His idealism similarly occasioned both his sympathy with and criticism of the newly created United Nations during the 1940s. In a letter to his friend Otto Nathan in the Bergreen Collection, written eighteen days after the founding of the UN on October 24, 1945, he anticipates the reasons for his reservations toward this organization that he would later explicitly articulate. “Barring a miracle,” he writes, one can only expect bad things from the future. By holding onto their sovereignty, the great states make the weapons race unavoidable and this will in turn make future wars unavoidable. The fear of these wars’ frightfulness leads in two directions, working as a deterrent, but also compelling a preventive war... The physicists are well-behaved; they are all against secret armament, and they are in favor of preventing wars on an international basis. But they are afraid of drawing the final consequence—a world government that alone has military power. In this matter there is an either-or, without any possibility of compromise. But all the lazy minds wish to believe and make others believe that there are some clever compromises that are easier to realize.9
Though this letter does not openly criticize the United Nations, Einstein does explicitly doubt that any association of sovereign countries will be successful in achieving and maintaining peace. In addition, he criticizes his fellow physicists who, though circulating petitions against the use of atomic weapons, were also apprehensive of a world government. He reprehends the idea of each nation sustaining its own military power and considers a single world government to be the one and only way (“either-or”) to perpetuate peace. Einstein later publicly reiterated this absolutist stance in an open letter to the United Nations in 1947. In this letter, he states that the UN “is merely a transitional system toward the final goal which is the establishment of a supranational authority vested with sufficient legislative and executive powers to keep the peace.”10 As a merely “transitional” entity, the UN, like the League of Nations, was powerless to stem military conflict arising between sovereign states. While agreeing with the UN’s ultimate objectives, his disagreement over the means to achieve those goals distanced him from the organization.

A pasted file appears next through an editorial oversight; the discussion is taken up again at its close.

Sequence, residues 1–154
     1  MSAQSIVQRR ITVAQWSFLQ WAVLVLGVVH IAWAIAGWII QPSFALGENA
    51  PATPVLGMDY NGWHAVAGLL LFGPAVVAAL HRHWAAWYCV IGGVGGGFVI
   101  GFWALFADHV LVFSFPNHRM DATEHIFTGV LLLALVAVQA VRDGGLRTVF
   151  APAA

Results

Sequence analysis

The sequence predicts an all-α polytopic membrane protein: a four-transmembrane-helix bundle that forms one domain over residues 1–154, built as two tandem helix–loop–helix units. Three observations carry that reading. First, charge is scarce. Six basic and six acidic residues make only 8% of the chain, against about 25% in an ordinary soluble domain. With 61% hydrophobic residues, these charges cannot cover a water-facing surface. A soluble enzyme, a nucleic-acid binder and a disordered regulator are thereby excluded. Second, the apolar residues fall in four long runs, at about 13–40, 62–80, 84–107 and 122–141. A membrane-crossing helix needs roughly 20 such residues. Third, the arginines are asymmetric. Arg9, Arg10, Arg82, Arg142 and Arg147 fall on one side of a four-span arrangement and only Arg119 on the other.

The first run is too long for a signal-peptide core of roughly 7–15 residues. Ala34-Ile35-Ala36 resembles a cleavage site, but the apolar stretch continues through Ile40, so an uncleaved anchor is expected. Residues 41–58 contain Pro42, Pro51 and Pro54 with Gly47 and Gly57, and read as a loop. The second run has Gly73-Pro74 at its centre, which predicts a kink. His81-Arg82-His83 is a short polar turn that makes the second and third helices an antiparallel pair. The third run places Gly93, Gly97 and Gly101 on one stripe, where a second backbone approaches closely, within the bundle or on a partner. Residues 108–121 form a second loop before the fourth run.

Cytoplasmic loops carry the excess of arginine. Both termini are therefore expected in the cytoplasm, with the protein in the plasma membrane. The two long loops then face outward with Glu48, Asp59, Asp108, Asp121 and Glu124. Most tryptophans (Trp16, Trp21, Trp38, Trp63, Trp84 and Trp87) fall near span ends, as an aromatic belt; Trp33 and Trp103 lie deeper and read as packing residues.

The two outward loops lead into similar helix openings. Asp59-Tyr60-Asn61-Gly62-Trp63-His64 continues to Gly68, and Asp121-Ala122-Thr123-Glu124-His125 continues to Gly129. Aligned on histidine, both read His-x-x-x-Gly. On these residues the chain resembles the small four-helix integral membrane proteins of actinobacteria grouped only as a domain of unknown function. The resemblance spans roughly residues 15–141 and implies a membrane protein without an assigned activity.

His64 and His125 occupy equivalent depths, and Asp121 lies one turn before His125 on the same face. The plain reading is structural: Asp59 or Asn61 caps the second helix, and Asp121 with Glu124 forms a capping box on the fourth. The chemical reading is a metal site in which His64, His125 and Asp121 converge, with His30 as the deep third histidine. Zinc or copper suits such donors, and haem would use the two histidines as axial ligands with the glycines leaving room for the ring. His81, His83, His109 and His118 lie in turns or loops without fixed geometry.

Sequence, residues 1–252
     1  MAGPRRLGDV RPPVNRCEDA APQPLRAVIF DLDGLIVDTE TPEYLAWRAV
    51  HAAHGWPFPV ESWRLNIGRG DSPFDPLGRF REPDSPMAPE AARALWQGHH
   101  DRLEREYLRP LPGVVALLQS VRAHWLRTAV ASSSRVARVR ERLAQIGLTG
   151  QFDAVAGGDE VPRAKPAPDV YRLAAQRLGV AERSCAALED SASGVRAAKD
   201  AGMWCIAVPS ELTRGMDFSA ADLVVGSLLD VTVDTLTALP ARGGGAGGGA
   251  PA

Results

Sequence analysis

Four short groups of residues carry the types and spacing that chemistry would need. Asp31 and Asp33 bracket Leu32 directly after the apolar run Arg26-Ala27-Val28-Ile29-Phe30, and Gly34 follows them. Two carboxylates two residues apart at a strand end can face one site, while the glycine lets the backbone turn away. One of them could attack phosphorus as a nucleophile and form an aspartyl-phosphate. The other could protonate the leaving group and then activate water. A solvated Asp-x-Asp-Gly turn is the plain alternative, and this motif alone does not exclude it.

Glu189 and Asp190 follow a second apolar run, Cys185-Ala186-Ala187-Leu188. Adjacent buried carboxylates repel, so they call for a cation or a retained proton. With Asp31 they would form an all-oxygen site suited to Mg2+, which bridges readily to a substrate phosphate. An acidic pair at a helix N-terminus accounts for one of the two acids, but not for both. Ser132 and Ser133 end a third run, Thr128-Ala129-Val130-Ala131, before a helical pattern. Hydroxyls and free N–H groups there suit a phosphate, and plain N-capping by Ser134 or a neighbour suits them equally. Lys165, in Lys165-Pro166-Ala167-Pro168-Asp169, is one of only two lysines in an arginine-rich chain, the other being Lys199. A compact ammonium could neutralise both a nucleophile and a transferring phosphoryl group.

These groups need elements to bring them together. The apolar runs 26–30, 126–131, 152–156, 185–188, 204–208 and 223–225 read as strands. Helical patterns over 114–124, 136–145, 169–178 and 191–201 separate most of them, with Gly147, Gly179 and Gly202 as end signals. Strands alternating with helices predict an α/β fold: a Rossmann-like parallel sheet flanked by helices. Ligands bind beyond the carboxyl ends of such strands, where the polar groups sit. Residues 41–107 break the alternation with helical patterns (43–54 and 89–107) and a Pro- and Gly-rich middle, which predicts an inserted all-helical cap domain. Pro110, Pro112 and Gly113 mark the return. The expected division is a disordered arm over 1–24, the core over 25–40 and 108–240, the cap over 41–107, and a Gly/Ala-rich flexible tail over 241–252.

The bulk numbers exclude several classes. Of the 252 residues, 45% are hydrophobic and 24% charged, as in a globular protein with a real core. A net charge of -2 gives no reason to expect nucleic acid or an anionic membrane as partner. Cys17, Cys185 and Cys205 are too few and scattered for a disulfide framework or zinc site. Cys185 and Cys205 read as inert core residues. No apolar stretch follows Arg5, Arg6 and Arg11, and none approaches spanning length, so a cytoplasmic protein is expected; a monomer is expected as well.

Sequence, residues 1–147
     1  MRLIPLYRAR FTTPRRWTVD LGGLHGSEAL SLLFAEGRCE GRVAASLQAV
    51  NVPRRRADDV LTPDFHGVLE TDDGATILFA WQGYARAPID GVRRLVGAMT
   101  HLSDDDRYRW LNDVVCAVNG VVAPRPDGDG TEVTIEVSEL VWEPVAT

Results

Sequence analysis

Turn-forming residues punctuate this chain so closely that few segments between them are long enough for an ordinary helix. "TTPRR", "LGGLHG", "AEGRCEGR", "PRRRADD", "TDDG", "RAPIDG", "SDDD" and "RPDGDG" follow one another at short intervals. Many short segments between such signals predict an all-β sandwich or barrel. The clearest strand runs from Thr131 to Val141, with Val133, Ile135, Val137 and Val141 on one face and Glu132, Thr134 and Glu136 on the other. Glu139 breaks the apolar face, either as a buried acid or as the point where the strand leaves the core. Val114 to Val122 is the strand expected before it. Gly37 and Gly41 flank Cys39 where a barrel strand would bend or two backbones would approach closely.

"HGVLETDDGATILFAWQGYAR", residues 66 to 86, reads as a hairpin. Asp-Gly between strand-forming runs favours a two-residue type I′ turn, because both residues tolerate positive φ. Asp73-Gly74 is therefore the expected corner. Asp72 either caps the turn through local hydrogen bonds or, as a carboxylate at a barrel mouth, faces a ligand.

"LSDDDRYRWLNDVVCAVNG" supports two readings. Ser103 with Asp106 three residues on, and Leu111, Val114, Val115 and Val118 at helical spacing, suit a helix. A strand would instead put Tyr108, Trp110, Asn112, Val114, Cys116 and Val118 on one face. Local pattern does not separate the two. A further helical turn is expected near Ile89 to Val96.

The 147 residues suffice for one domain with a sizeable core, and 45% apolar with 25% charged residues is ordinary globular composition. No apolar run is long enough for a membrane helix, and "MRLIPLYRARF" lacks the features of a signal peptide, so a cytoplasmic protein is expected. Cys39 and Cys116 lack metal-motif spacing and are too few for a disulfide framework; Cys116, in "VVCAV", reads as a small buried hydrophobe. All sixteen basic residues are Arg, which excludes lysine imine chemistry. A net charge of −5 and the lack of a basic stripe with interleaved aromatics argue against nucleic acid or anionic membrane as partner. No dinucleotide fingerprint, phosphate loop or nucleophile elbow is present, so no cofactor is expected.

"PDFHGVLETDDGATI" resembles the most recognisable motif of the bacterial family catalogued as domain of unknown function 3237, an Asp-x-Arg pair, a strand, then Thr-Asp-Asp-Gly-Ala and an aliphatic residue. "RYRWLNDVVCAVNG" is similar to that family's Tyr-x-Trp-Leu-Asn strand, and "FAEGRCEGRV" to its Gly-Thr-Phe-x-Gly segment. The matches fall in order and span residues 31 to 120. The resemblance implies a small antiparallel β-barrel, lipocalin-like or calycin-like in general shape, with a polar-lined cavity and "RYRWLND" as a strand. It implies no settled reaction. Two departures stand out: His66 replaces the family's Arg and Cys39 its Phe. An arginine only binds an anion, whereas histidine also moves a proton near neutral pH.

Though critical of most political organizations, Einstein was willing to associate himself with certain causes to solve current, mounting social crises. After World War I he first became involved with Zionism to counteract the rising anti-Semitism in Germany. In the 1870s, Zionism had emerged as an international movement espousing the creation of a Jewish state. Theodor Herzl, the father of political Zionism, believed this to be the only way Jews could gain acceptance from the world. Einstein’s friend Kurt Blumenfeld, a German Zionist leader,11 claimed credit for Einstein’s “conversion” to Zionism in 1920, and various biographers have taken Blumenfeld at his word.12 “Conversion” is a loaded term, implying that Einstein was inspired by Blumenfeld to place unquestioning faith in the Zionist project. If we examine Einstein’s own words, however, this is clearly not the case. Rather, while affiliating himself with Zionism, he preserved a skeptical distance from it. In 1919 Einstein claimed, “I am as a human being an opponent of nationalism, but as a Jew I am from today a supporter of the Jewish Zionist efforts.”13 Einstein here pointedly refers to himself as a “supporter” of Zionism rather than a “Zionist” or “believer” in Zionism,14 thereby aligning himself with the project of founding a Jewish state and at the same time placing himself at one remove from this project. Furthermore, he counterbalances support for the Zionist cause with an abiding supranationalism. This balancing act opened up a space for skepticism that he preserved throughout his involvement with Zionism.
While Einstein never “converted” to Zionism, he did value Blumenfeld’s opinion and accepted his advice in 1921 to accompany Chaim Weizmann on a speaking tour through the United States.15 He initially declined the invitation to participate in the tour, whose purpose was to raise funds for the planned Hebrew University, but Blumenfeld reminded Einstein of his commitment to Zionism and the benefits his participation would have for the proposed university16. After having persuaded Einstein, Blumenfeld wrote to Weizmann, “As you know, Einstein is no Zionist ... I heard… that you expect Einstein to give speeches. Please be quite careful with that. Einstein… often says things out of naiveté which are unwelcome to us.”17 While Blumenfeld ultimately concluded correctly that Einstein was no believer in Zionism, his labeling Einstein naïve overlooks the thoughtfulness of Einstein’s skepticism. Rather than accept Einstein as a person who truly grasps the movement and does not entirely support it, Blumenfeld questions Einstein’s comprehension of Zionism, and thereby glosses over the divide Einstein placed between himself and Zionist doctrine.